Australia’s mining boom of recent years has spawned a surge in unmet demand for archaeologists, according to Flinders lecturer and Chair of the Australian Archaeological Association’s 2009 Conference, Dr Alice Gorman.
“For decades Australian archaeologists have been working alongside and consulting traditional owners, playing a vital role in Aboriginal heritage legislation, land rights and Native Title,” Dr Gorman said.
“Now, there’s a new wave of Australian archaeologists, equipped with the knowledge and field skills to continue that important work as consultants to the mining industry,” she said.
It is a phenomenon reflected in the theme of this year’s conference, Old Guard, New Guard, to be hosted at Flinders between 11 and 14 December.
The conference will bring together some of Australia’s pioneering senior archaeologists, Aboriginal traditional owners and members of the “new breed”.
“People tend to think of the ancient civilisations of Rome and Egypt when they think of archaeology, forgetting there’s at least 50,000 years’ worth of archaeology here in Australia,” Dr Gorman said.
“Australia is a world leader in Indigenous archaeology and, on the whole, we engage with Indigenous people far better than our counterparts in the United States and in other parts of the world.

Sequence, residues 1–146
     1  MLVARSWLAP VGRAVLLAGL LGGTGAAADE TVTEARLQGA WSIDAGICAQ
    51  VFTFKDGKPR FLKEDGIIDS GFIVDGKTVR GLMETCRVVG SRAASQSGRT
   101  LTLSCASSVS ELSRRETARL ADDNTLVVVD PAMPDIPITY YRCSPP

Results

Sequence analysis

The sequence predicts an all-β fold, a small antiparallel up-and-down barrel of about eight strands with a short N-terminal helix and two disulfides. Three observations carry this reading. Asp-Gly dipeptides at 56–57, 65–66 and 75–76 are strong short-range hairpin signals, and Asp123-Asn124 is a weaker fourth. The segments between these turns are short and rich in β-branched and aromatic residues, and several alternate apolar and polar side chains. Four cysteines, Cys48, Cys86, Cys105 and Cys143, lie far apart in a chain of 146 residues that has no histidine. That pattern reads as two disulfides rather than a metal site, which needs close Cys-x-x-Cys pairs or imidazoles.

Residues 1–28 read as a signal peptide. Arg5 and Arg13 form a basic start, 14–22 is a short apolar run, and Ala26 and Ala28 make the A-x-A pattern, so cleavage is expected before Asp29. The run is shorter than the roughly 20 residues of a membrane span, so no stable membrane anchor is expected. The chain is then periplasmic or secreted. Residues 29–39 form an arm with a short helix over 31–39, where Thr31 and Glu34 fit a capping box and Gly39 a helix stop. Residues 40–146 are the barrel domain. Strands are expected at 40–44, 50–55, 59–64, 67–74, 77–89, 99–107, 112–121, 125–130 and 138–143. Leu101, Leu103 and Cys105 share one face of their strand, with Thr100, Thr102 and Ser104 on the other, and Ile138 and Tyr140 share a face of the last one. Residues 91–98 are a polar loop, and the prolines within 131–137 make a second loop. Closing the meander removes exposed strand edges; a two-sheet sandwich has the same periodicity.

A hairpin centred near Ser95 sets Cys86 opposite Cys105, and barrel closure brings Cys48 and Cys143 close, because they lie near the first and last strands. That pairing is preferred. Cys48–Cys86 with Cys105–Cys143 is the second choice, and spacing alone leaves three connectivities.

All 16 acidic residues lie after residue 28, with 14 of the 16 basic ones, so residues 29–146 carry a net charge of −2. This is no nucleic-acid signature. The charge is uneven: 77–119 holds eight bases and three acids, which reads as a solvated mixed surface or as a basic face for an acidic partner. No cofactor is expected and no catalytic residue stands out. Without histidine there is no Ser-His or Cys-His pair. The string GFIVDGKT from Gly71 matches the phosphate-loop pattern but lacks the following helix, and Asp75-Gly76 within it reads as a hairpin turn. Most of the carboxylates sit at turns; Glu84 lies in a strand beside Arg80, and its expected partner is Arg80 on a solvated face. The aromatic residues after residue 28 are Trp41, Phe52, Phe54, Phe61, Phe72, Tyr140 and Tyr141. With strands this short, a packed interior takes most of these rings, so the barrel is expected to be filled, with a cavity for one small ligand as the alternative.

“It is one reason why the repatriation of Aboriginal remains is so keenly felt and understood in Australia.”
The conference will include sessions on the notion of community archaeology; exploring some of the issues that arise working as a consultant to the mining industry; and a poster and photo competition.
Dr Gorman said there would be a heavy emphasis on student involvement.
“Flinders has a national reputation for producing archaeology graduates with good field skills and expertise in cultural heritage management. The conference is also an opportunity to showcase some of the work our current students are doing,” she said.
Special guests include Professor John Mulvaney, the first academically trained archaeologist to work in Australia, and keynote speaker Professor Geoff Bailey from the University of York, whose visit is sponsored by the Society of Antiquaries (London) and the SA Museum.
His keynote address will explain why coastal and maritime exploration is likely to reveal that Australian archaeology has much to contribute to our understanding of the world’s prehistory.